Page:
I’m currently pentesting my own personal gateway, and I’m having a hard time finding payloads that don’t require user interaction to penetrate. How do you identify payloads that don’t require user interaction?
I am using msfvenom to generate payloads, and msfconsole for the handler.
Can you provide more detail’s ? The Network/Gateway/OS etc
I’m not sure the http site contains info on the OS and things like that. Xfinity rented SOHO gateway/router. OS running as scanned by nmap
Service Info: OS: Linux; CPE: cpe:/o:linux:linux_kernel:5.4.155-prod-22.2
Open services running include https:443, http:80, domain:53, upnp:49152, and a bunch of other filtered services. It doesn’t seem to be purposely sending reset packets.
What else did you want to know about the gateway/network?z.
And yes, comcast has a bug bounty that includes their routers. Problem is I can’t upload anything to the gateway directly. Only thing I have access to is the http admin page, which is honestly quite limited.
The site itself uses jquery
The details here are limited, feel free to send a DM
When identifying payloads that don’t require user interaction for penetration testing, consider using payloads that exploit vulnerabilities without relying on user actions. Here are some suggestions:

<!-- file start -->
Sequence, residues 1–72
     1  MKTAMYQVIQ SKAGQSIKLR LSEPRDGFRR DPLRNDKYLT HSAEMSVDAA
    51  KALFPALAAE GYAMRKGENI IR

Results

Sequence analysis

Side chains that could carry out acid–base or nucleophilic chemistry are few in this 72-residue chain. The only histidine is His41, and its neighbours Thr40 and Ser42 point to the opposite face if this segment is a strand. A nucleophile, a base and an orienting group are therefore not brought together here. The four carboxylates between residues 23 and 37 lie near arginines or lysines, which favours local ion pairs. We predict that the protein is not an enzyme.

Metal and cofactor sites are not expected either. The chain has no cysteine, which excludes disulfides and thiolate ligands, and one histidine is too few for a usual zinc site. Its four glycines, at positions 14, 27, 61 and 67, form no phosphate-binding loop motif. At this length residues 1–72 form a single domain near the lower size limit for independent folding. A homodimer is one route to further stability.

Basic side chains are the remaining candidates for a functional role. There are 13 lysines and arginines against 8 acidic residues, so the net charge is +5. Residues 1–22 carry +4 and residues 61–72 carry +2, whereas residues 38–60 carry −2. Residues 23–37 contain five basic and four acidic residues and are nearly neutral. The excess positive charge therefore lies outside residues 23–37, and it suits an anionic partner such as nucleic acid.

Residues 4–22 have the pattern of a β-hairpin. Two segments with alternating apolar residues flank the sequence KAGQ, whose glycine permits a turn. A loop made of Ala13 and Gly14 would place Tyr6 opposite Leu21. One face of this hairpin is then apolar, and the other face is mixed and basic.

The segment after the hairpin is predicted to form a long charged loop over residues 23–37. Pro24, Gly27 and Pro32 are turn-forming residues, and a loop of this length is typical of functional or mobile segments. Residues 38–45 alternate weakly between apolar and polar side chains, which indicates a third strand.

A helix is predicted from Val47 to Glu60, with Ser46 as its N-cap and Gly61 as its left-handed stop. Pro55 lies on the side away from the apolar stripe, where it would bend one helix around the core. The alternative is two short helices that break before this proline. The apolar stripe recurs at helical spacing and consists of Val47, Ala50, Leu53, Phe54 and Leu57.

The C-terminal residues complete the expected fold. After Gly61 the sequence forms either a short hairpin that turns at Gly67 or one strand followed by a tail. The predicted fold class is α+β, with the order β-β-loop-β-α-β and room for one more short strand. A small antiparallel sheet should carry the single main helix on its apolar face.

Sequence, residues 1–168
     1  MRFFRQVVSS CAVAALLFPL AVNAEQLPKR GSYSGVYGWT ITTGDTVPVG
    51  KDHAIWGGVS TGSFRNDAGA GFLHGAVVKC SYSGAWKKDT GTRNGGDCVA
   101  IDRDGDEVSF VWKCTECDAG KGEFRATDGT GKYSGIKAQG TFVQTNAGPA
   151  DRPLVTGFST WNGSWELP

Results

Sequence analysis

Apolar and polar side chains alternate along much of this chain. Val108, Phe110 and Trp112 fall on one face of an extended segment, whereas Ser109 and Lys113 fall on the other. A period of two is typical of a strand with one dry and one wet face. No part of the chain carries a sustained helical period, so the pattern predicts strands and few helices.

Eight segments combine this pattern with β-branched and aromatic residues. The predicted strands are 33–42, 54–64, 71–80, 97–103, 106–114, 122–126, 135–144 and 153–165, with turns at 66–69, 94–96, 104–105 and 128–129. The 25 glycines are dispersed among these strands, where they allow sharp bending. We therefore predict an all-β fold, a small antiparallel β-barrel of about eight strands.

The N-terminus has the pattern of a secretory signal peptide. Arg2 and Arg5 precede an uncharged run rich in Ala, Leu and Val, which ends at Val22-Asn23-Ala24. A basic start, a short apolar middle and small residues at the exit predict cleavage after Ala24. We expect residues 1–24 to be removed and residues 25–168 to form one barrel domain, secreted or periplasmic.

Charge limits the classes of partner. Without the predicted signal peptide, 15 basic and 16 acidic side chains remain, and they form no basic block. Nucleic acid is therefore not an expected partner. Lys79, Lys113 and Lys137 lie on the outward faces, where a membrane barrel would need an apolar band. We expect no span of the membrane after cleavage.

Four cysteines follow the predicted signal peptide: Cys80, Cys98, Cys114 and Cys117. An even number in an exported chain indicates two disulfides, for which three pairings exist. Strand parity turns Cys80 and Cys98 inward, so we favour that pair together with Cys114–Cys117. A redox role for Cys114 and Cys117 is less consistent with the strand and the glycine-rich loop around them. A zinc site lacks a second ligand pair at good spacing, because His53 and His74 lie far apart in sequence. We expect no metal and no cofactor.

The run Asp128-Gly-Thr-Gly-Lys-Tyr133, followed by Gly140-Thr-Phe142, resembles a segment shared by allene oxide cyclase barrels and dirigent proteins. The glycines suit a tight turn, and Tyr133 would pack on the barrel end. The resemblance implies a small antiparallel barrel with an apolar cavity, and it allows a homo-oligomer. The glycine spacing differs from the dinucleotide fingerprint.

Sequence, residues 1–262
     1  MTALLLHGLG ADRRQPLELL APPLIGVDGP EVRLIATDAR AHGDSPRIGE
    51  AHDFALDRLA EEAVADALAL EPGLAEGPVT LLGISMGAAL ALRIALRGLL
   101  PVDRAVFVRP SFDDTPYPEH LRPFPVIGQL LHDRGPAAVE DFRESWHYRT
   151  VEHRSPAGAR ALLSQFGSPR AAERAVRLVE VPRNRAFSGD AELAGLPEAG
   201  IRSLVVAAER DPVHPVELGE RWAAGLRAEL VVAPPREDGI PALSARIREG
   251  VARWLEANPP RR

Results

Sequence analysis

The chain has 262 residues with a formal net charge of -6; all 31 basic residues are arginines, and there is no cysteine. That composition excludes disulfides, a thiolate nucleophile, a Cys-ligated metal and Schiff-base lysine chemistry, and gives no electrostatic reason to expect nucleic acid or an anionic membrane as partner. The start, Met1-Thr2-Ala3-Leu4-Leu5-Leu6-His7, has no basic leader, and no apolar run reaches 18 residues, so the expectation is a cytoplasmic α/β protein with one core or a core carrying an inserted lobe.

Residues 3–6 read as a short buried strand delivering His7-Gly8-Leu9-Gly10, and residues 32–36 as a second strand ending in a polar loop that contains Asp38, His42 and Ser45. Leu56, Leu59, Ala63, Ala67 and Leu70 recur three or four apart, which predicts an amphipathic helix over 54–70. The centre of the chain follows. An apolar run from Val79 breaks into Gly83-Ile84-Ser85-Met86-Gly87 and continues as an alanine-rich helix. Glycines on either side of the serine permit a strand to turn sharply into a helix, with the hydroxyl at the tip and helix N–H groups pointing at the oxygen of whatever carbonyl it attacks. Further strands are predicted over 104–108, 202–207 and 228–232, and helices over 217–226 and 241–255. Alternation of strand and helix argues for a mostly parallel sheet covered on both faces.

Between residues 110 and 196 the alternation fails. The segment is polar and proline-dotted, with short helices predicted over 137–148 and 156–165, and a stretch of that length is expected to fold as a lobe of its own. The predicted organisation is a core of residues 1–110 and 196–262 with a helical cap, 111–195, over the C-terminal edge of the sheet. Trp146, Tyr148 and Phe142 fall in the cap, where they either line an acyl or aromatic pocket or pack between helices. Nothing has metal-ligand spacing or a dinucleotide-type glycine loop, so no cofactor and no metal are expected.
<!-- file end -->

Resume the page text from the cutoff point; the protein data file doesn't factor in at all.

- File Format Exploits: Craft payloads that target vulnerabilities in file formats (e.g., PDF, Office documents) where the mere opening of the file triggers the exploit.
- Browser Exploits: Look into payloads that exploit browser vulnerabilities without requiring user interaction. This might involve targeting outdated browser versions or specific plugins.
- Memory Corruption Exploits: Explore payloads that exploit memory corruption vulnerabilities, such as buffer overflows, where the execution occurs without user input.
- Network-based Exploits: Utilize payloads that target vulnerabilities in network services or protocols, allowing exploitation without direct user involvement.
- AutoPwn Techniques: Investigate AutoPwn capabilities within Metasploit that automate the exploitation process, often requiring minimal user interaction.
Remember, ethical hacking and penetration testing should only be performed on systems you own or have explicit permission to test. Always prioritize responsible and legal use of these tools.